“The problem is the County. The problem is the municipality. The problem is the staff,” Nash asserted.

“They are obstinate about the use of the beach. We gave you a beautiful beach.(The) Rotary (Club of Wellington) put it together as a project and you wrecked it, which is problematic for a lot of reasons,” he said.

In his deputation, Nash cited the possibility of losing the lighthouse, the volunteer Coast Guard, and the lost economic opportunity associated with having a functional, safe harbour.

“Imagine if the County could make money off the Sandbanks Beach. Well, here’s your Sandbanks Beach and you don’t take advantage of it…I would ask you do some sort of study-because you’re really into studies-on what sort of special equipment is required to get rid of a dead fish, because I’ll give you a shovel,” Nash said.

Furthermore, Nash stated the County has declined participation in both having a trash bash to clean up the beach or sending volunteers to do so for them.

“The issue is, when you talk to staff about this, they don’t want to deal with it. It’s not their problem. Not their department,” said Nash. “I get it-there’s rules about things. But there is also pride in the place you live and it’s really disappointing to watch our beach turn into our toilet.”

Though the County boasts a considerable number of volunteers, Nash issued a warning that should the municipality continue to present roadblocks for volunteers, volunteer fatigue will continue to be a growing problem.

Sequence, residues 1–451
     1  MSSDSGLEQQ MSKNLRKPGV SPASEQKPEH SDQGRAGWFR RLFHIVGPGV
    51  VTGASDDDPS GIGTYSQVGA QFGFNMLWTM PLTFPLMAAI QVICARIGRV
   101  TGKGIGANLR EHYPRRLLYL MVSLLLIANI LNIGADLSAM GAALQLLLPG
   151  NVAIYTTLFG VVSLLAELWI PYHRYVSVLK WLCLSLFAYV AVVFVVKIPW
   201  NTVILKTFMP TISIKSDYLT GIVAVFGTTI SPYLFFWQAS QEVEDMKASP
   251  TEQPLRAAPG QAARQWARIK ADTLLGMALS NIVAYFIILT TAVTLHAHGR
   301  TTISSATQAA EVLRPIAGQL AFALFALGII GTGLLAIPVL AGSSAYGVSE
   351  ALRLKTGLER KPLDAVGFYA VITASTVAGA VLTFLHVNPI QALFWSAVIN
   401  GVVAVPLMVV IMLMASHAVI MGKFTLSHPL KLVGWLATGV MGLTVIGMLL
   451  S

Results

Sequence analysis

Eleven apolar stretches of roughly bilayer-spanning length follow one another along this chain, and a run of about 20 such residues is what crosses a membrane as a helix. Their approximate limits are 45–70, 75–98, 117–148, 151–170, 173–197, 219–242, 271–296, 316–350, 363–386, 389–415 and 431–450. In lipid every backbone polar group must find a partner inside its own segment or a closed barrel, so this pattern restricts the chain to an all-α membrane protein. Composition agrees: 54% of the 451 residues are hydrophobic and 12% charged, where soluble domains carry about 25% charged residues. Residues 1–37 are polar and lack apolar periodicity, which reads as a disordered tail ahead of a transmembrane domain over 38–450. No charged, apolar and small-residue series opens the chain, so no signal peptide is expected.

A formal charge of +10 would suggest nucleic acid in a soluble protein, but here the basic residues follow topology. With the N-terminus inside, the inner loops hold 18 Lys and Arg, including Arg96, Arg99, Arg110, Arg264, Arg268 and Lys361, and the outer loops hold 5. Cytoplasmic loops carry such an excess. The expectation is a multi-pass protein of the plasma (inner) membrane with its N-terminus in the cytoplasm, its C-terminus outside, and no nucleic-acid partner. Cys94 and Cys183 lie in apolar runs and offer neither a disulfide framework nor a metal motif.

Councillor Bill Roberts spoke to Nash’s deputation, arguing that he should direct his criticism to Council and not toward staff.

“I’ll just speak for myself,” Roberts said. “I don’t think it’s productive to throw staff under the wheels of your particular truck. I think if there is a failure, it is the failure of Council. If there is a finger to be pointed, it should be pointed to this horseshoe and not to staff.”

Mayor Steve Ferguson also urged Nash to direct his criticism to Council as opposed to staff, while acknowledging Wellington Beach has issues that need attention.

“I’m going to stand up for our staff. The way in which they are directed is a fault of Council and that is something we have to attend to, because they shouldn’t be baring the brunt of this. But what we heard, through not just the deputation and other comments, is we are disrespectful to donors, who I want to thank for their contribution and willingness to assist,” stressed Ferguson. “We’ve got threats to safety through the matter of getting boats out to rescue people. June 23rd, I walked along Wellington Beach with the Lieutenant Governor (Elizabeth Dowdeswell), picking up litter. Thankfully, there was no dead fish or birds present, but it was difficult enough. The problem is understood. This is something we have to look at very carefully and attend to.”

The resolution for staff to report back to Council regarding Wellington Beach by late February, put forth by Councillor Mike Harper and seconded by Councillor Phil Prinzen, was passed.